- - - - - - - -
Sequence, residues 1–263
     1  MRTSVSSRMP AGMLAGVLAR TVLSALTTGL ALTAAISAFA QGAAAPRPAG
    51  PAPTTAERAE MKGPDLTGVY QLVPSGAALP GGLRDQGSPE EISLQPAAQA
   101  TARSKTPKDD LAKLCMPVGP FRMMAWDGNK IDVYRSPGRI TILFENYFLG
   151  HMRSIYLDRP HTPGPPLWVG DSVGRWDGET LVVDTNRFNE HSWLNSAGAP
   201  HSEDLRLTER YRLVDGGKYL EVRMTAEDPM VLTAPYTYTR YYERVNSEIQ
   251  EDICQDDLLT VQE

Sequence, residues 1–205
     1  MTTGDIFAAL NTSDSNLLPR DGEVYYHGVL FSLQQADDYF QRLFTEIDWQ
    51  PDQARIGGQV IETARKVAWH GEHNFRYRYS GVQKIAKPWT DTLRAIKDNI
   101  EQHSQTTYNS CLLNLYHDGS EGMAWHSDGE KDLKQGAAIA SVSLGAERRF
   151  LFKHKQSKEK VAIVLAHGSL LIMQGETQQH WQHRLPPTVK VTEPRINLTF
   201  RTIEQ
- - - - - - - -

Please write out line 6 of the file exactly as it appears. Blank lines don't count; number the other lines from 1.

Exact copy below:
   201  HSEDLRLTER YRLVDGGKYL EVRMTAEDPM VLTAPYTYTR YYERVNSEIQ